Earlier this month, I had the opportunity to work through the design process and contemplate the relationship between making and writing with a brilliant group of teachers in Atlanta, Georgia. As we were discussing empathy, one of them made a stunning point: He said, “Empathy inspires us to really figure out what really matters to US as teachers and why we’re teaching to begin with.”
My friend Ellen often reminds me that empathy isn’t all about our students. It’s about knowing and nurturing ourselves, too.
Have you ever encountered a teacher who hasn’t practiced self-empathy?
In fact, I was one of those teachers, for a very long time.
First, I sacrificed every ounce of my own vision to mandates and state standards and test scores. Then, I started complaining about it.
There was no way to inspire creativity in the face of standardized testing, I lamented.
If I gave kids choice, I’ll lose control of quality, I worried.
And then: These kids aren’t creative! They don’t know how to generate their own ideas! Their writing is so formulaic!
How fortunate for everyone that I soon met a bunch of wicked smart and very patient people who challenged all of those assumptions.
How might you inspire creativity in the face of standardized testing? They asked.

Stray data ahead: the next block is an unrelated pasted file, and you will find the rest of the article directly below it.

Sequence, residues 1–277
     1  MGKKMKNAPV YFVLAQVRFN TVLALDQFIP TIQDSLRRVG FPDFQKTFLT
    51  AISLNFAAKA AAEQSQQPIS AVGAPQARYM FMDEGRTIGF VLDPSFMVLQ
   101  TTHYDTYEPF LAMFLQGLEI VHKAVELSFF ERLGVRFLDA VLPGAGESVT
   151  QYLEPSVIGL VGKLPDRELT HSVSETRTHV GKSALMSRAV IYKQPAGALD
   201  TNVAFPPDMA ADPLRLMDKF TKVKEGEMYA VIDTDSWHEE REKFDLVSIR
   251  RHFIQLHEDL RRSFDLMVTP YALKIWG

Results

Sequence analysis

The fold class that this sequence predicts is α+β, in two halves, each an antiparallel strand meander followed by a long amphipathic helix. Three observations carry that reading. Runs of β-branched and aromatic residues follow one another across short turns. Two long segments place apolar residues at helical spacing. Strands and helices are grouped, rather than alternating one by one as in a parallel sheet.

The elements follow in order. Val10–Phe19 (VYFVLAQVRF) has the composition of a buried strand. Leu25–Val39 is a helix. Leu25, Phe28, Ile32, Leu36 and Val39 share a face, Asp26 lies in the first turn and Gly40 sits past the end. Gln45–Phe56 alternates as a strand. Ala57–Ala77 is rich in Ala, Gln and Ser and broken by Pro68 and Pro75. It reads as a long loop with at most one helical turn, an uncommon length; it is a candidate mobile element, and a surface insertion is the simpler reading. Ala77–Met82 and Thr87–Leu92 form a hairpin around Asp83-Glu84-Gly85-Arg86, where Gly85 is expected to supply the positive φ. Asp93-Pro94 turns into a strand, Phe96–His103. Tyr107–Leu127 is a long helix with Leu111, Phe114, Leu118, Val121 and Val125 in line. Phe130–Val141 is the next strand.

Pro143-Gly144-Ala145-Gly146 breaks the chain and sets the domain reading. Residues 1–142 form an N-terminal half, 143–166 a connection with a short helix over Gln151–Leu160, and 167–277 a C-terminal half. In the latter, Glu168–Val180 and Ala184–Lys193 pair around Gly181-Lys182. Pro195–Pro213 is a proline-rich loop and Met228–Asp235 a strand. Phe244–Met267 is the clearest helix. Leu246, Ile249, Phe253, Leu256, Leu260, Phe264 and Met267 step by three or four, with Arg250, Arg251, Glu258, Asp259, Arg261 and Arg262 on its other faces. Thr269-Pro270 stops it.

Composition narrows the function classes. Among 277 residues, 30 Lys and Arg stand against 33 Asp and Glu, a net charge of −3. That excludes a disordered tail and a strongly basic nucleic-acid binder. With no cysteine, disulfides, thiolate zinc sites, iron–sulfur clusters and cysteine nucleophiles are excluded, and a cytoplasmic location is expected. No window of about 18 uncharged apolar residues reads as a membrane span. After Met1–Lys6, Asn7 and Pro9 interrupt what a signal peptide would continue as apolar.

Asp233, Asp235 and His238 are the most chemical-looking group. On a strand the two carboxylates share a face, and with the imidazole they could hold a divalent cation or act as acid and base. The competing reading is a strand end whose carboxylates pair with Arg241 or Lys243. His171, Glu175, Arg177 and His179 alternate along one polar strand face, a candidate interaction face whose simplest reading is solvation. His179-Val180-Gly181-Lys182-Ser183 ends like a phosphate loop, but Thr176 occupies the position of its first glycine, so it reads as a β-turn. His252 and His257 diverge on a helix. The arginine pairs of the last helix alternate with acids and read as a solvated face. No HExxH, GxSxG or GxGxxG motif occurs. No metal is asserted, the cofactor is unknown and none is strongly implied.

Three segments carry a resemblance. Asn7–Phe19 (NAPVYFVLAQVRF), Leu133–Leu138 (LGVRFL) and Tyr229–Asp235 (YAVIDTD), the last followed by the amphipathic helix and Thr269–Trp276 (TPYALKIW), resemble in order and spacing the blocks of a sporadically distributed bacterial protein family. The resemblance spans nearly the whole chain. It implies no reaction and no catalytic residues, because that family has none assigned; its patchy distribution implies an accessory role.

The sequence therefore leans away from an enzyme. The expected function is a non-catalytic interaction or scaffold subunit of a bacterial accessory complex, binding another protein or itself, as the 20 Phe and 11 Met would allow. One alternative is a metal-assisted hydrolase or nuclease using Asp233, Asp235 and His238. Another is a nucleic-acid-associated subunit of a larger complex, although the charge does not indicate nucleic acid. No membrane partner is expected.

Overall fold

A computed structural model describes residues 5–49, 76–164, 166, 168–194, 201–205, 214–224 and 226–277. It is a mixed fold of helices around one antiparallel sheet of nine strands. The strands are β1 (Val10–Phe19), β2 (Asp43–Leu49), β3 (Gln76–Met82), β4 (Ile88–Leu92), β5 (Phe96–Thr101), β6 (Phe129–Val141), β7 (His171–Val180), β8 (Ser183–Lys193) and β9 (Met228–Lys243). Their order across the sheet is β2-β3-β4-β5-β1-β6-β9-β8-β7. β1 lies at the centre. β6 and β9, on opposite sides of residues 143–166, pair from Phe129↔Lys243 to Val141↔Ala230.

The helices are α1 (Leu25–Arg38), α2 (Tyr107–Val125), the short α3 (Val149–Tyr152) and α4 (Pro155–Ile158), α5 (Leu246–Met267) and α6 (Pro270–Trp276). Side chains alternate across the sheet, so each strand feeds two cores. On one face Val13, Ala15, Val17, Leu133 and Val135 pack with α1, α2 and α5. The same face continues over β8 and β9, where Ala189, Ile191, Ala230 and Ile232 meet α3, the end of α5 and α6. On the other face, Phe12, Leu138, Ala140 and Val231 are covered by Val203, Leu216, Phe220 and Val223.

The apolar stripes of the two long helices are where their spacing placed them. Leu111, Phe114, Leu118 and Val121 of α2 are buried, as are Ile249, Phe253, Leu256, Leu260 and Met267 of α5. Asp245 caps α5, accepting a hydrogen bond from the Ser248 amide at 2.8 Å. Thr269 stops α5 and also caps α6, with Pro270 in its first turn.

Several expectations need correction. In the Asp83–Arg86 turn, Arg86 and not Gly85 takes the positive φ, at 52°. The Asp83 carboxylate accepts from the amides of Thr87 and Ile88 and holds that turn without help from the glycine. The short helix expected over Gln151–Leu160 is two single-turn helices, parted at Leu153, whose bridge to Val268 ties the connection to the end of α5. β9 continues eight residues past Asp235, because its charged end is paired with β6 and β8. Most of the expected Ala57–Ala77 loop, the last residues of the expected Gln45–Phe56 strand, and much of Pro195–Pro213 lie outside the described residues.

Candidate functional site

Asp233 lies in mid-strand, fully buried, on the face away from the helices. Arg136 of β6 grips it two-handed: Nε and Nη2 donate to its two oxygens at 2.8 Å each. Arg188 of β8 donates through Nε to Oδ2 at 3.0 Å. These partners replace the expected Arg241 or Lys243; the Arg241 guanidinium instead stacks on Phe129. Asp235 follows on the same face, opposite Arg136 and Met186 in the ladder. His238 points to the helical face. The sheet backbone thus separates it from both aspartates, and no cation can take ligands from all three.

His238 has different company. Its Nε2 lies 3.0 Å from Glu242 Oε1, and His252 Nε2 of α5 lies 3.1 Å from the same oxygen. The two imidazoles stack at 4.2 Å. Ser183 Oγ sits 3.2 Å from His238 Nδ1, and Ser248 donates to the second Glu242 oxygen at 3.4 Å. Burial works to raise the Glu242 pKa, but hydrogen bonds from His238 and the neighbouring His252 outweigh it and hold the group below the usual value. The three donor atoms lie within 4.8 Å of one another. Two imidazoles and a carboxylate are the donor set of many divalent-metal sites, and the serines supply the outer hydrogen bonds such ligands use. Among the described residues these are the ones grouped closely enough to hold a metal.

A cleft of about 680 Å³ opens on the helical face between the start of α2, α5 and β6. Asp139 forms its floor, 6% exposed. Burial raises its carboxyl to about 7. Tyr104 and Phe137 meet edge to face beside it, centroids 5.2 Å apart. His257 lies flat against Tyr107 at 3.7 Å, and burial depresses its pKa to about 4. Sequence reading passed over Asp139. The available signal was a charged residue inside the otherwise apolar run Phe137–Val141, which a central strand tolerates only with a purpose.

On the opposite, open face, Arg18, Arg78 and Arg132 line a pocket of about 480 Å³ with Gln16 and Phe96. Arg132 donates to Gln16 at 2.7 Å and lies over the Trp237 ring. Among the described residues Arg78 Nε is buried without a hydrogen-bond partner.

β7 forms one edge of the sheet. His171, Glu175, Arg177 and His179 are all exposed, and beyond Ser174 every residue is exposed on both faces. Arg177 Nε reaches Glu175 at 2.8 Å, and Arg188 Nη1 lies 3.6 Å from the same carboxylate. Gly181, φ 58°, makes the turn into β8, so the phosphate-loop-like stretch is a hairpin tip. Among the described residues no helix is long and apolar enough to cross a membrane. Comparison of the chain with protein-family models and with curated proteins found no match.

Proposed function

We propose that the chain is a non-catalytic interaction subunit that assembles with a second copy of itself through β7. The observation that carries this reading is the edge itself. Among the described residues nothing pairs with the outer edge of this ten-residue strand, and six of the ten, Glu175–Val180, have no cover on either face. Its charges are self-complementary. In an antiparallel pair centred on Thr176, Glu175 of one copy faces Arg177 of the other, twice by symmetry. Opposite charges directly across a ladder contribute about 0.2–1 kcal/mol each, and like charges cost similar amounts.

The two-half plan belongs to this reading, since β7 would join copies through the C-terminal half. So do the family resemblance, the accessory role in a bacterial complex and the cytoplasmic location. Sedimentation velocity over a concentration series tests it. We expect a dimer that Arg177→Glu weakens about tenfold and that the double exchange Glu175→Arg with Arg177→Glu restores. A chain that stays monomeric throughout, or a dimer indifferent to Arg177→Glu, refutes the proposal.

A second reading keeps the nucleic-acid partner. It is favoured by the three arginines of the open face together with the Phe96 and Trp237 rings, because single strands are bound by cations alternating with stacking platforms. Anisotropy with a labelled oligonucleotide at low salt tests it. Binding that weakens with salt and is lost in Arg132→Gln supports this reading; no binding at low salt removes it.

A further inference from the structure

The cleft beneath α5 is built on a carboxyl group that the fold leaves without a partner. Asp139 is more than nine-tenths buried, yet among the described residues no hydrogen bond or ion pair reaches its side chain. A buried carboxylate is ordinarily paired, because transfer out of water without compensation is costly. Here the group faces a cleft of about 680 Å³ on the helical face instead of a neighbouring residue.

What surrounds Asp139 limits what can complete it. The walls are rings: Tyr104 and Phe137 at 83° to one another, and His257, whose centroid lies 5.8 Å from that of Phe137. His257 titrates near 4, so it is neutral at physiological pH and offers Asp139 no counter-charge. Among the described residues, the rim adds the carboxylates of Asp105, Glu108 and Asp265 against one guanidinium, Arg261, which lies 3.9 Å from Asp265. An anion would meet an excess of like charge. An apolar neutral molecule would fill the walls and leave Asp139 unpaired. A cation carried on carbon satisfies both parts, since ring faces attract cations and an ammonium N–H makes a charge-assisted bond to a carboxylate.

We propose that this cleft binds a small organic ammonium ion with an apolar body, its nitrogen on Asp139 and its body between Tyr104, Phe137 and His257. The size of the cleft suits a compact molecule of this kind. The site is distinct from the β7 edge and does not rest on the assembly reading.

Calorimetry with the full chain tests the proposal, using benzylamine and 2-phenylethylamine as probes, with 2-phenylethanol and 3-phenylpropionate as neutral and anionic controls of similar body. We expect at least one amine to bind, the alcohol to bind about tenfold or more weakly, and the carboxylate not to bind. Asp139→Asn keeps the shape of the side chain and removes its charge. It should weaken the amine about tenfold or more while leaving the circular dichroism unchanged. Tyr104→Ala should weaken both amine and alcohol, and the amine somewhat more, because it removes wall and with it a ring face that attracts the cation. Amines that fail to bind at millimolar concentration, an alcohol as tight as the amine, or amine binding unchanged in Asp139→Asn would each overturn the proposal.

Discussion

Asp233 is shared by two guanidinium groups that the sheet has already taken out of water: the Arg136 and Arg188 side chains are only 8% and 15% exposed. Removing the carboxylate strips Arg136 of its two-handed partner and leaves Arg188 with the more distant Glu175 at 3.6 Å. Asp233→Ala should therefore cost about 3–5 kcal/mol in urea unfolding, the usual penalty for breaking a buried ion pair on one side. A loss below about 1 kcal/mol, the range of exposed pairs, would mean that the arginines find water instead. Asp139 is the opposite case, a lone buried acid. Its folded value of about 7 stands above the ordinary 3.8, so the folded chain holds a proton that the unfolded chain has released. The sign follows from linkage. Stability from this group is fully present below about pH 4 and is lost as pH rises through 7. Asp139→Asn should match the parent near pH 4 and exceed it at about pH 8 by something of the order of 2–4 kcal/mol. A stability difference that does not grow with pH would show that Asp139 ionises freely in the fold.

How might you control quality while championing choice?
How might you coach creativity? Idea generation? Inventive writing?
They never let me off the hook. Instead, they kindly challenged me to put up or shut up:
I’m reminded of this again as I begin this series of posts. I know that if I’m really going to advocate for emergent curriculum in the age of the Common Core, I have to be willing to work creatively within a set of constraints. I have to know how to inspire teachers do this as well.
I know that some might suggest that standards undermine efforts to create a truly emergent curriculum. Others might suggest that embracing emergent curriculum means evading standards which promote and guide progress but also ensure better equity.
Where do you live with all of this? What do you think?
- What are standards, anyway?
- Who defines them?
- Which ones matter most?
- How might we pursue emergent curriculum design while attending to standards?
- How might we invite students, teachers, and schools to pursue a genuinely shared vision?
- How might we help them define standards that align to this vision and to the other standards valued within the system?
- How might we help them assess progress, strength spot (thank you again, Ellen), and problem solve?
- What will happen if they don’t?
Many thanks to Amy Burvall and Dan Ryder, for writing a book that pushed my thinking about emergent curriculum design, even though this wasn’t their (wait for it) intention. Ahem. This book gave me permission to dwell in possibility and remember the power of constraints. Critical creativity moves beyond the classroom, too.